Updated: 1/4/11 4:57 p.m.
CHICAGO (CBS) - A Cook County judge has ruled that Rahm Emanuel should stay on the mayoral ballot this February.
Circuit Court Associate Judge Mark Ballard ruled Tuesday afternoon that Emanuel meets the qualifications to run for mayor, even though he lived in Washington, D.C., for a year while serving as chief of staff to President Barack Obama.
As CBS 2 Chief Correspondent Jay Levine reports, the argument focused on whether or not Rahm Emanuel had a place to sleep in Chicago in the year before the election.
The court said, "it didn't matter." And handed Emanuel his third straight victory over objectors who still aren't giving up.
"We don't look at these as losses, they're just stepping stones to get to the appellate and Supreme Court," said Burt Odelson, objectors' attorney.
His argument in court before Judge Mark Ballard was that: "During the mandated year prior to election Emanuel abandoned his home," renting it out rather than keeping a place to sleep here.
The response from Emanuel's attorneys: "You don't abandon your home just because you don't sleep there."
The judge's ruling: "...an individual's residency is not abandoned, even though that individual may not have a right to sleep within the jurisdiction."
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"He's lost before a hearing officer, he's lost before three commissioners, all of whom are very, very familiar with the election law. He's lost before a very experienced judge here and we're not even prepared to presume that he'll go to the appellate court," said Kevin Forde, Emanuel's attorney.
"We are filing in the appellate court tomorrow morning," Odelson said. "We are asking the appellate court to expedite the case so that we're heard within the next week to 10 days."
Emanuel's reaction, much what he said at a morning news conference just before the ruling came down.
"The Board of Elections has now issued a ruling saying I can run and that having worked with President Obama as chief of staff didn't take me away from the city in any capacity to be a mayoral candidate," said Emanuel. "And I do think now it's up to the voters, to let them make a decision."
But maybe not yet.
Odelson projects a timetable which could extend the court battle till the end of the month; though we're not quite sure who's paying his bills.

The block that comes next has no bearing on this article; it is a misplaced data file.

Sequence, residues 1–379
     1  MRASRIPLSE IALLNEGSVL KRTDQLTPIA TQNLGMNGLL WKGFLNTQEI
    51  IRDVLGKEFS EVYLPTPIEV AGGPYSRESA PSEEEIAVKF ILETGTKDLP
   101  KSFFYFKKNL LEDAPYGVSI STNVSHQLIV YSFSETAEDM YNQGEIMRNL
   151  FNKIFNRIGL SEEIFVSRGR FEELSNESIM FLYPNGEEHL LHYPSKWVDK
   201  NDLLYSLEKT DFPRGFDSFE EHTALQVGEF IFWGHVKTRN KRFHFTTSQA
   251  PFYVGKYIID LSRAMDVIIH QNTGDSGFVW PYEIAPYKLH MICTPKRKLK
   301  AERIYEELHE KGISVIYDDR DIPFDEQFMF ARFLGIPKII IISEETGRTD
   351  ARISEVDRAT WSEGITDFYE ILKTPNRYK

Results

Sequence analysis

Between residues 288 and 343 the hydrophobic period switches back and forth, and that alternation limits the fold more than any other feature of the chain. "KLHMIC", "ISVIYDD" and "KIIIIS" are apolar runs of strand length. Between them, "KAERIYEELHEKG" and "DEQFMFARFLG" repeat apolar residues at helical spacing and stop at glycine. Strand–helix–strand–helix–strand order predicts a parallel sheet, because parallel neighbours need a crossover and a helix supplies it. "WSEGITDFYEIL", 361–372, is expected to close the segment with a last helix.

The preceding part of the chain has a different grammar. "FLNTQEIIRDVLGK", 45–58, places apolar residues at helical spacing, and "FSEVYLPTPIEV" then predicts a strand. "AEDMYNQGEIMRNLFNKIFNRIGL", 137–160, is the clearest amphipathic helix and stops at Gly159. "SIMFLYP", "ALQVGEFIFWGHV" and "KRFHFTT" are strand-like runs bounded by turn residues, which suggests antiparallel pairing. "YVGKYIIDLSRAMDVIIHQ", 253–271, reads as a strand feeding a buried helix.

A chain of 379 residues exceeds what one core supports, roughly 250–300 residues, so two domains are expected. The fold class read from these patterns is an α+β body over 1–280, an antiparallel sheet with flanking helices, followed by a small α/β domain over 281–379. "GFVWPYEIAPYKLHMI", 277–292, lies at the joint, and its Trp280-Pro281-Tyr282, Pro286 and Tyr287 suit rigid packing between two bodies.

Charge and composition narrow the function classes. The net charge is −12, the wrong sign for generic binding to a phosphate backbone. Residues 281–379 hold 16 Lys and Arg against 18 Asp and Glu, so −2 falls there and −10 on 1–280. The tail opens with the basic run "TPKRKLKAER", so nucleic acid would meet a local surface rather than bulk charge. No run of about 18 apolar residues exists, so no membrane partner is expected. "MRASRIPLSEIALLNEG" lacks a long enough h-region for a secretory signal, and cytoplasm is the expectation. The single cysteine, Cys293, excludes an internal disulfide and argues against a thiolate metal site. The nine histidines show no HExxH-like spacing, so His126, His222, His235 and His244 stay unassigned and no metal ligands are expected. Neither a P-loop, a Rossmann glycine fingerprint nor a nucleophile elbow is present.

When asked if the public has a right to know who is behind it, Odelson said, "Well, the public can know, my objectors are paying for it."
But when he was asked if anyone else was paying for it, Odelson said it was none of our business.
Isn't it the public's business?
"No, it's my business," he said.
Emanuel has an obligation to disclose what his residency defense has cost. Odelson is not required to tell us who is funding this legal battle, which some call a distraction and which could end up in what one election official called, "a train wreck."
Last month, Emanuel, who is widely regarded as the frontrunner in the mayoral race, endured a day defending himself from dozens of people who are challenging his claims that he meets the residency requirements to run for mayor.
Illinois state law says a candidate for mayor is required to have lived in the municipality where he is running for at least one year prior to the election. But exceptions are made for national service.
Emanuel has also argued all along that he intended to return to Chicago.
"My car is licensed in the city of Chicago. I pay property taxes here in the city of Chicago. I vote in the city of Chicago," Emanuel said at the hearing.
Odelson argued that "national service" would only apply to military service, not serving as chief of staff to President Barack Obama as Emanuel did.
He also argued that Emanuel's insistence that he always planned to return to Chicago did not matter.
But Chicago Board of Elections hearing officer Joseph Morris disagreed, and advised that Emanuel had intended to return to the city and should stay on the ballot. The Board of Election Commissioners agreed soon afterward.
Odelson called the decision "shallow" at the time. He filed a lawsuit in Cook County Circuit Court to appeal that decision.
Odelson says he expects the case to go all the way to the state Supreme Court, and the process could take a month to settle.
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